Hobbitsteacosy was at the Paris Premiere of LOTR – The Two Towers last week, and wrote this report for us to share!
The European Premiere of The Lord Of The Rings – The Two Towers
Le Grande Rex Cinema, Paris 10th December 2002
Warning…. contains SPOILERS!!!! (well, mild ones)
I was one of the lucky few who attended the Paris premiere of The Two Towers and I feel privileged to have the chance to share my experiences with you all.
My friends and I left the Intercontinental Hotel in Paris at 5:30 pm and taxi’d to Le Grande Rex cinema. Two of us had tickets, the others would be waiting outside to hopefully catch an autograph or three. We hung around outside for a little while to get a good look at the decor and soak up the atmosphere. The cinema looked a treat from the outside; there was a swish purple entryway with “Le Seigneur D’Anneux – Les Deux Tours” (Lord Of The Rings – The Two Towers,) emblazoned on it, huge, huge posters of all the characters and a canopied walkway for the stars and guests to walk down. The weather wasn’t so hot so that’s probably why the walkway was covered. Anyway, as I made my way along I spotted Sean Astin (Sam), signing autographs at the barrier, (he’s lost a LOT of weight,) but I held my cool and kept moving!
Once inside the reception area, which looked like your standard cinema lobby save for the influx of press and TV people lining one side, I was given directions to my seat, which was on the left hand side of the ground floor, a few rows back from the front. Excellent! The seats reserved for cast and crew were in the centre, about ten or fifteen rows back. The auditorium itself certainly lived up to expectations … baroque and beautiful, with thick carpets and serene lighting. The atmosphere was relaxed, yet exciting at the same time. I didn’t feel the least bit intimidated. There was a little red bag containing popcorn, a bottled drink and a chocolate bar in front of each seat, just in case anyone got the munchies during the film. (I hoped it would contain a party ticket too, to no avail.)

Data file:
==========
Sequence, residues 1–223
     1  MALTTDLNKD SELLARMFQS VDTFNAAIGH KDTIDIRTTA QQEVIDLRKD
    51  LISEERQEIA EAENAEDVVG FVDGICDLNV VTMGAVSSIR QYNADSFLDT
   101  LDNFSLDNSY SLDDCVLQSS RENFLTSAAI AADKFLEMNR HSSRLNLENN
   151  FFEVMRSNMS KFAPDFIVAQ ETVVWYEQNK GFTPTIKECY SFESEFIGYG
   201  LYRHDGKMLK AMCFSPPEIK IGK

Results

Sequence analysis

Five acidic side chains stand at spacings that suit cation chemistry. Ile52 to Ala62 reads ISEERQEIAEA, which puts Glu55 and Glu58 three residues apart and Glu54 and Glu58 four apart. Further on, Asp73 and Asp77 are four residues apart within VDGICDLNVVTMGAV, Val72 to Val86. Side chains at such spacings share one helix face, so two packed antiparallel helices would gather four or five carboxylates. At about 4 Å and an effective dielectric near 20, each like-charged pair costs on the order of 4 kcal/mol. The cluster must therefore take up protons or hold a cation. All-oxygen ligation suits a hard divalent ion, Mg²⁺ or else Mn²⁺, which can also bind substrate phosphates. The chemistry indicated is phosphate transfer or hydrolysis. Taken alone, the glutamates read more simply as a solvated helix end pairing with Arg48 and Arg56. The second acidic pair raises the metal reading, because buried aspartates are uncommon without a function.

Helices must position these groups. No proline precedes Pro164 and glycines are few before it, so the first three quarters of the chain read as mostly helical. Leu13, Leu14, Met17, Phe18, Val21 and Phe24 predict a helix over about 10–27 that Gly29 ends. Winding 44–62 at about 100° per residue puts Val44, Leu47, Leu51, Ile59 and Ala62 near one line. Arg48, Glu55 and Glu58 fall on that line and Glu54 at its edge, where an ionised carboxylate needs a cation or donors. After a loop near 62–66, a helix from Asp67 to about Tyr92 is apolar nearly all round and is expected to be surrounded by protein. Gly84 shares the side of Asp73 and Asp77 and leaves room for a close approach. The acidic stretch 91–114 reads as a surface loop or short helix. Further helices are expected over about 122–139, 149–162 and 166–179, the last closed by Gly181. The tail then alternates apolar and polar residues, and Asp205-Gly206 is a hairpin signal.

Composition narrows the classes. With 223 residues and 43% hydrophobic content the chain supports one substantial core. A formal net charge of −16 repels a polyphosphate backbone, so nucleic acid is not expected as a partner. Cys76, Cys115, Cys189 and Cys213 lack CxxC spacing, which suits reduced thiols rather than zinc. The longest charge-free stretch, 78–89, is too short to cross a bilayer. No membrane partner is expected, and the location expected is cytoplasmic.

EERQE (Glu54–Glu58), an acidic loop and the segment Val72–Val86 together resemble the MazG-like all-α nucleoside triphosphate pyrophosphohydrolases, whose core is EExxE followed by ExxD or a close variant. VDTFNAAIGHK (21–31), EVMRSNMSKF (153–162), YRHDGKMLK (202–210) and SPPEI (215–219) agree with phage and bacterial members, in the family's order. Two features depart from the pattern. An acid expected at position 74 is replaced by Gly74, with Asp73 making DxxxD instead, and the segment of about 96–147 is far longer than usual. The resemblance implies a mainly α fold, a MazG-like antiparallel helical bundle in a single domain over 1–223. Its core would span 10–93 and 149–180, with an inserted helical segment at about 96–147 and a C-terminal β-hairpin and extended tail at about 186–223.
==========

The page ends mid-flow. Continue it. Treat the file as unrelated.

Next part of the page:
I went to the bathroom to freshen my face, and when I came out I saw Elijah Wood being interviewed by what I assumed was French TV. He was charming and chatty in a beige suit, and his brand new buzz cut made him look younger. I was surprised at how petite he was. Peter Jackson was there too, in regulation casual garb. By this time I was standing by the main staircase when I noticed Dom and Billy arrive. Dom seemed on top form, joking with the press, and he was wearing a get-up which …. well, I suppose the kindest description is LOUD! A gold and black striped jacket, jeans and trainers, and his hair was blond and spiked, not unlike David Beckham’s. Billy was wearing what I first assumed to be a kilt, but I didn’t see a tartan pattern … it was black. A kilt noir, I suppose. Liv Tyler’s dress was astonishing – a pale-pink bodice with a voluminous skirt. I had a cigarette in the lobby then returned to the auditorium. Some of the stars were being interviewed onscreen – Sean Astin, Andy Serkis in a white jacket and huge Elvis quiff, Brad Dourif, Karl Urban, one or two French celebs.
It’s a bit of a blur until the time came to introduce the actors and crew onstage. I got up to go to the loo again and passed Brad Dourif talking to one of the attendants. Then back into the auditorium, just in time for the introductions. Peter Jackson, Howard Shore, Phillippa Boyens, Rick Porras, Elijah, Dom, Billy, Christopher Lee, John Rhys-Davies, Brad Dourif, Karl Urban, Liv Tyler, Andy Serkis, Bernard Hill etc. No Ian McKellen (he’s still working on the second X-Men movie) or Orlando (he’s filming Pirates of the Carribean – I think.) Ditto Miranda Otto, David Wenham and Cate Blanchett. Peter gave a nice speech about the honour of holding the European premiere in France and said some nice things about French cinema. He said that Fran had decided to stay at home with their children this time.
Then it was TIME. I don’t want to let the cat out of the bag for those who haven’t seen it so I’ll talk about the standouts. One or two spoilers follow, so go to the last paragraph if you don’t want to know. Suffice to say the opening dream-sequence – a tumbling Gandalf and Balrog locked in battle – is incredible. It’s not long before we get our first look at Gollum, and let me tell you, it is difficult to separate the CGI from the character himself. It is SEAMLESS. Andy’s Gollum has all the requisite whining, hissing sliminess crossed with a strangely appealing wretchedness – cute in a way, but not nauseatingly so. I actually felt more sympathy for the movie Gollum than the character in the book. And the schizophrenic Slinker/Stinker conversation later on is a treat.